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Walt's Utopia : Disneyland and American Mythmaking (Paperback) (Priscilla Hobbs)
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The "Happiest Place On Earth" opened in 1955 during a trying time in American life--the Cold War. Disneyland was envisioned as a utopian resort where families could play together and escape the tension of the "real world." Since its construction, the park has continually been updated to reflect changing American culture. The park's themed features are based on familiar Disney stories and American history and folklore. They reflect the hopes of a society trying to understand itself in the wake of World War II. This book takes a fresh look at the park, analyzing its cultural narrative by looking beyond consumerism and corporate marketing to how Disney helped America cope during the Cold War and beyond.9781476619002Presenting striking new evidence, this book shows that "William Shakespeare" was the pen name of William Stanley, son of the Earl of Derby. Born in 1561, he was educated at Oxford, travelled for three years abroad, and studied law in London, mixing with poets and playwrights. In 1592 Spenser recorded that Stanley had written several plays. In 1594 he unexpectedly inherited the earldom--hence the pen name. He became a Knight of the Garter in 1601, eligible to help bear the canopy over King James at his coronation, likely prompting Sonnet 125's "Wer't ought to me I bore the canopy?"--he is the only authorship candidate ever in a position to "bear the canopy" (which was only ever borne over royalty). Love's Labour's Lost parodies an obscure poem by Stanley's tutor, which few others would have read. Hamlet's situation closely mirrors Stanley's in 1602. His name is concealed in the list of actors' names in the First Folio. His writing habits match Shakespeare's as deduced from the early printed plays. He was a patron of players who performed several times at court, and financed the troupe known as Paul's Boys. No other member of the upper class was so thoroughly immersed in the theatrical world.9781476619248The literature on Abraham Lincoln's assassination is replete with errors, theories and guesswork. This comprehensive re-examination of the facts seeks to correct errors in the record, reconcile differences of opinion, offer explanations for unknowns and evaluate theories. Drawing on hundreds of sources, the author covers the prelude to the war, Booth's accomplices and their roles in the conspiracy, the kidnapping ruse that concealed the intended decapitation of the government, the mysteries surrounding key players, the assassination itself, Booth's escape, the pursuit of the fugitives, the death of Booth and the trial and sentencing of his co-conspirators (except John Surratt) and one innocent man. The simple conspiracy theory is rejected by the author in favor of the theory that Booth worked with the complicity of the highest levels of the Confederate government and its Secret Service Bureau, whose twofold purpose was retribution and snatching Southern independence from a weakened and chaotic Federal Government.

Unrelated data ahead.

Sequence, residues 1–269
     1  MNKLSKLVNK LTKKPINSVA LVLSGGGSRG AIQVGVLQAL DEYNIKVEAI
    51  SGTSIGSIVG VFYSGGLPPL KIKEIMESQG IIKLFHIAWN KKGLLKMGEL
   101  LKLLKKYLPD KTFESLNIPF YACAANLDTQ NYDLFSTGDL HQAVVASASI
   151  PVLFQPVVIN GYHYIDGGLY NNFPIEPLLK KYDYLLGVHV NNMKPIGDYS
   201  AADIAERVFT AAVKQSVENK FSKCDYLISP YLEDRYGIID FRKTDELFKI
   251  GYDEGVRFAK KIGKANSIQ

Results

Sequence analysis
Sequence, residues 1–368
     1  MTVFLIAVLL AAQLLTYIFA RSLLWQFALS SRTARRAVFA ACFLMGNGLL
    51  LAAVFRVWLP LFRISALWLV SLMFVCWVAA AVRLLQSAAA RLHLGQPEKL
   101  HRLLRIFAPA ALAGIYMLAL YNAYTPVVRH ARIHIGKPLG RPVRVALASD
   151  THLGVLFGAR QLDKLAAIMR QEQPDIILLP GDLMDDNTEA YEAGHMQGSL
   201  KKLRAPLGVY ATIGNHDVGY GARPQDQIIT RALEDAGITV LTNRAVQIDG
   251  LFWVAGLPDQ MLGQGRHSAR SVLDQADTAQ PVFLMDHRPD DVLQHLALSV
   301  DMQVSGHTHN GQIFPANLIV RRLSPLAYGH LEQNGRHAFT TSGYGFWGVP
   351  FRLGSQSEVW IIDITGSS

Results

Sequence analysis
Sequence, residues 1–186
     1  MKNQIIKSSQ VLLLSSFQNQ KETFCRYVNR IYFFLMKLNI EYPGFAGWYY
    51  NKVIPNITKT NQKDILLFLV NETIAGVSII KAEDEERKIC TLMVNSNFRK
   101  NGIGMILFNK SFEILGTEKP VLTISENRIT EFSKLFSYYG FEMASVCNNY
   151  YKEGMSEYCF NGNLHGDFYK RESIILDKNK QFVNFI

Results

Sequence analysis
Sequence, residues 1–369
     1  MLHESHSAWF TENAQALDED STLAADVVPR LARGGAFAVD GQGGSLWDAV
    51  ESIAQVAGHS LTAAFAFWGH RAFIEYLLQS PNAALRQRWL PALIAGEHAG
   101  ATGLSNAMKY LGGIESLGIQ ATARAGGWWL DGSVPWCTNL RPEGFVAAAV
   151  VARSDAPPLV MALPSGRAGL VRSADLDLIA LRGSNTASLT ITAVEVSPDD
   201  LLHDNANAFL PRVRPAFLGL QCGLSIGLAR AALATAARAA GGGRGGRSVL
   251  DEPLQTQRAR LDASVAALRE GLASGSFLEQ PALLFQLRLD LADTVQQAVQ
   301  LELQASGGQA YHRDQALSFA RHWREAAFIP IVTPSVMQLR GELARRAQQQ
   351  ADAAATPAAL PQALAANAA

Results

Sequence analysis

"The "Happiest Place On Earth" opened in 1955 during a trying time in American life--the Cold War. This book takes a fresh look at the park, analyzing its cultural narrative by looking beyond consumerism and corporate marketing to how Disney helped America cope during the Cold War and beyond"--
Number of Pages: 220
Genre: History, Social Science, Sports + Recreation
Sub-Genre: United States / General, Popular Culture, General
Publisher: McFarland Publishing
Author: Priscilla Hobbs
Street Date: June 18, 2015
Item Number (DPCI): 247-49-3980
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